A story that is rich in magic, mystery and love. A great read keeping you entertained and eager for the next page. I couldn’t put it down!
  • Overly Long

    By juliusa
    While it does have beautifully written descriptions, this book is yet another example of literary novels that go nowhere, have characters one doesn’t care about, and serves no purpose. Too much hype for nothing. Save your time and money.
  • Stories within a story!

    By kimbnaz
    I didn’t know what to expect when starting this book. Opening up with a brief description of the inns along the Thames, Setterfield creates a mystical world of dragons and stories. The Swan is the home of storytelling. The inn’s proprietor Joe has a gift for spinning a yarn. The other inn attendees take stories and make them their own. None of them has any idea about the story that is about to walk through the door. While the Swan takes center stage in this story, throughout the book you meet the leading players. Margot Ockwell and Joe Bliss run the inn. Margot is a stout, hearty soul who mothered 13 children, the little Margots and Jonathan. Joe was born with an ailment that kept him pale and feeble, but with a gift of storytelling he won Margot’s heart. The pair turn that Swan into the place along the Thames where you can hear and tell the most amazing tales. On the night of the winter solstice at the Swan, in walks a very large man with a doll like creature in his arms. He falls to the floor and the doll is swept away by Jonathan. In the ruckus that ensues around the man, no one realizes that the doll is really a young girl. And this is where the story begins. The characters you meet are each unique. Henry Daunt, the photographer and Rita Sunday, the nurse, who doubles as the town doctor are bound by her care for him that night. The mystery is the young girl without a voice. Where did she come from and to whom does she belong? What a story this is! Along the way you meet other local townspeople and folks from along the river. The Armstrong family, the Vaughans, and others all play a part in bringing the river to life. It is a mystical, magical tale with so many small stories within the larger story. It is a book to be savored by a winter’s fire with a cup of tea. Very reminiscent of fairy tales but on a much grander scale, I enjoyed this book immensely. Setterfield creates a fascinating world with dragons and river phantoms. Her gift for storytelling is amazing. Highly recommend!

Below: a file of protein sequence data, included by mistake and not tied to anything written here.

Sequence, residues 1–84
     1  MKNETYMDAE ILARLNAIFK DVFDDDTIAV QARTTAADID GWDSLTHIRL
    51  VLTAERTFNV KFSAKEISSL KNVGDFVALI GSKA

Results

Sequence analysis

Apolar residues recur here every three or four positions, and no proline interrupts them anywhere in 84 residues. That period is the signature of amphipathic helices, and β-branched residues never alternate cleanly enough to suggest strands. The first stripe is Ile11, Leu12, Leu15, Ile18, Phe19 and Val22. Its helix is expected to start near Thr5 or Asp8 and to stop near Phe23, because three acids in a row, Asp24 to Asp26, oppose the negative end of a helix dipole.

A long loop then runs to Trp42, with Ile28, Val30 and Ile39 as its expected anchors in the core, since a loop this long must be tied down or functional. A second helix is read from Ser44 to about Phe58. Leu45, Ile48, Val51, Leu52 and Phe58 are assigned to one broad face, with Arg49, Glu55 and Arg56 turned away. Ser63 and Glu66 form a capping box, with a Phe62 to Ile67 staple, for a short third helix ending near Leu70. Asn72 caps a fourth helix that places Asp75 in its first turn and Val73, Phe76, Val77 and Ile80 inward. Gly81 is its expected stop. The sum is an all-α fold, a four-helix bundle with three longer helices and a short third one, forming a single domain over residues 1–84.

• A wonderful tale!

    By JP Fan
    Once Upon a River by Diane Setterfield is a wonderful, meandering tale of love, loss, family and magic! Many characters play a part in the story of a mysterious little girl, thought dead, and the man who saved her from drowning in the river Thames. Who is this mute girl and who does she belong to? Through captivating storytelling and beautiful character development, Setterfield weaves a narration as fine as those told by Joe Bliss—landlord of the Swan. The writing is smooth, the dialogue is genuine and as a whole, the book is a definite winner. Anyone who is a fan of fairy tales and fables will wholeheartedly enjoy this book. I especially delighted in the dialog of the narrator of the story. I felt as if was sitting at the Swan enjoying an ale and listening to the stories of the pub goers. Bravo!